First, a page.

Alfalfa

How does Alfalfa work?

Alfalfa seems to prevent cholesterol absorption in the gut.

Are there safety concerns?

Alfalfa leaves are POSSIBLY SAFE for most adults. However, taking alfalfa seeds long-term is LIKELY UNSAFE. Alfalfa seed products may cause reactions that are similar to the autoimmune disease called lupus erythematosus.

Alfalfa might also cause some people's skin to become extra sensitive to the sun. Wear sunblock outside, especially if you are light-skinned.

Special Precautions & Warnings:

Pregnancy or breast-feeding: Using alfalfa in amounts larger than what is commonly found in food is POSSIBLY UNSAFE during pregnancy and breast-feeding. There is some evidence that alfalfa may act like estrogen, and this might affect the pregnancy.

"Auto-immune diseases" such as multiple sclerosis (MS), lupus (systemic lupus erythematosus, SLE), rheumatoid arthritis (RA), or other conditions: Alfalfa might cause the immune system to become more active, and this could increase the symptoms of auto-immune diseases. There are two case reports of SLE patients experiencing disease flare after taking alfalfa seed products long-term. If you have an auto-immune condition, it's best to avoid using alfalfa until more is known.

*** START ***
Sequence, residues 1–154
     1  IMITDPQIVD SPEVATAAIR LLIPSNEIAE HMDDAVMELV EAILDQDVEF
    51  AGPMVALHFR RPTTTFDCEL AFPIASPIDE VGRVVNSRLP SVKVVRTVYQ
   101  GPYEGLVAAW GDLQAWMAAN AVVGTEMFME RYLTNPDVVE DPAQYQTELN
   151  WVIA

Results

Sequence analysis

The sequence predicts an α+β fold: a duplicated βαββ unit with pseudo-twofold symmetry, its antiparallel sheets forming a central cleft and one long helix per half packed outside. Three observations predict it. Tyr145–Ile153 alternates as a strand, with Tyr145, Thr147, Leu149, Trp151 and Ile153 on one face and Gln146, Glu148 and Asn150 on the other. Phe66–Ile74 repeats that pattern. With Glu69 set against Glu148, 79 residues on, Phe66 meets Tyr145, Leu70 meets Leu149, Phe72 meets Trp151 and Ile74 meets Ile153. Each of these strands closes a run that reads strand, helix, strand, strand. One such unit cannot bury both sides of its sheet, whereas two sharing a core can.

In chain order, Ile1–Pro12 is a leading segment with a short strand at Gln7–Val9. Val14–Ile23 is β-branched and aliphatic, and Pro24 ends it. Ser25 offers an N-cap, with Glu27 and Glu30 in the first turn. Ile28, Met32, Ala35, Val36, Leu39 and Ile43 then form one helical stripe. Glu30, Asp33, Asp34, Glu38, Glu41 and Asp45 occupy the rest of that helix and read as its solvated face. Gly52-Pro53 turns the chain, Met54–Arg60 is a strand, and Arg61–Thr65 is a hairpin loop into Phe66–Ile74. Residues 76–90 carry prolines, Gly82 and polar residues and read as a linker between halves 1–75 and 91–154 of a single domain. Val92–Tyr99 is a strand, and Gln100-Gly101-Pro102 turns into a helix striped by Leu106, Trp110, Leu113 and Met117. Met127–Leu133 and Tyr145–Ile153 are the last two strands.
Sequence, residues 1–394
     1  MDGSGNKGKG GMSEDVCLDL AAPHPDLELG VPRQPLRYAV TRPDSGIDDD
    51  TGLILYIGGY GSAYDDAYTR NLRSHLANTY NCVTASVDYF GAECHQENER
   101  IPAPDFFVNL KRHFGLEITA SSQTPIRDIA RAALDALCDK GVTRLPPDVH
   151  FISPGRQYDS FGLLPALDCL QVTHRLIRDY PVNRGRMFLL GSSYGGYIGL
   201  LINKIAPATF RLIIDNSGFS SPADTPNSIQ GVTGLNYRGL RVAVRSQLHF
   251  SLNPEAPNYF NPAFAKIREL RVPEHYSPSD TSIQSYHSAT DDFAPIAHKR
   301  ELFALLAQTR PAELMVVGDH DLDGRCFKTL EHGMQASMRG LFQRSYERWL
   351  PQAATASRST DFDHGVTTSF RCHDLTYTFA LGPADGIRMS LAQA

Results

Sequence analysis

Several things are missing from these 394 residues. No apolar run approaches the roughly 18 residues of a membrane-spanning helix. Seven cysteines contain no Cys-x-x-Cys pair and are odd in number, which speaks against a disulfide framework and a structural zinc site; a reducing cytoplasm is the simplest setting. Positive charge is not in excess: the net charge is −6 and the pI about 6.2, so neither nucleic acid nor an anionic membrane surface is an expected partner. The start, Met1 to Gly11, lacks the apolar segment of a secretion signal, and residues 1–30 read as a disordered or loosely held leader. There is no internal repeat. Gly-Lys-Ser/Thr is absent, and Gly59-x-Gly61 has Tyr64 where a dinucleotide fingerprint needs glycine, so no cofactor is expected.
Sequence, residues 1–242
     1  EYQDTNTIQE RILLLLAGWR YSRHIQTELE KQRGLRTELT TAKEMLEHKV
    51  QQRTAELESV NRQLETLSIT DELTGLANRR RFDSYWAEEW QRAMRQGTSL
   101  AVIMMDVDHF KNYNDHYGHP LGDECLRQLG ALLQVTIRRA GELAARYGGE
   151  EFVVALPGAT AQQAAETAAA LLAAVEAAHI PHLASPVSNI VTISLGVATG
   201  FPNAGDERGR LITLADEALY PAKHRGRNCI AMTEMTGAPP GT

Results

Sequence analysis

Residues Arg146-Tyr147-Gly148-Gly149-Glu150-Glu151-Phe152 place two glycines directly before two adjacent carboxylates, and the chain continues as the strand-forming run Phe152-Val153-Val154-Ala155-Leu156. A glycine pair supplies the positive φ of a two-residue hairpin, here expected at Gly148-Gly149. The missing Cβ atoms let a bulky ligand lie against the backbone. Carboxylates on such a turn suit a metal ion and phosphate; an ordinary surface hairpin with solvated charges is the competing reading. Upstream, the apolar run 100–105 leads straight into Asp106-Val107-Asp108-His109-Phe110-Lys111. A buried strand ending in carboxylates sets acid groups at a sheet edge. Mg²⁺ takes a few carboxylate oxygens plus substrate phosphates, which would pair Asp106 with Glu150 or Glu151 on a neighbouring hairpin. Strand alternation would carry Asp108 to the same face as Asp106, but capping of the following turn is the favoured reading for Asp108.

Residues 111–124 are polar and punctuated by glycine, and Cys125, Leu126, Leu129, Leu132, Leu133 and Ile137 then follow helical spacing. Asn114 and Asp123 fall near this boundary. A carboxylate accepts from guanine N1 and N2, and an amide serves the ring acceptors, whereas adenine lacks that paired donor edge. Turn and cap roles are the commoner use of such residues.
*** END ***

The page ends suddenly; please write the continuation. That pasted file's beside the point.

Hormone-sensitive condition such as breast cancer, uterine cancer, ovarian cancer, endometriosis, or uterine fibroids: Alfalfa might have the same effects as the female hormone estrogen. If you have any condition that might be made worse by exposure to estrogen, don't use alfalfa.

Diabetes: Alfalfa might lower blood sugar levels. If you have diabetes and take alfalfa, monitor your blood sugar levels closely.

Kidney transplant: There is one report of a kidney transplant rejection following the three-month use of a supplement that contained alfalfa and black cohosh. This outcome is more likely due to alfalfa than black cohosh. There is some evidence that alfalfa can boost the immune system and this might make the anti-rejection drug cyclosporine less effective.


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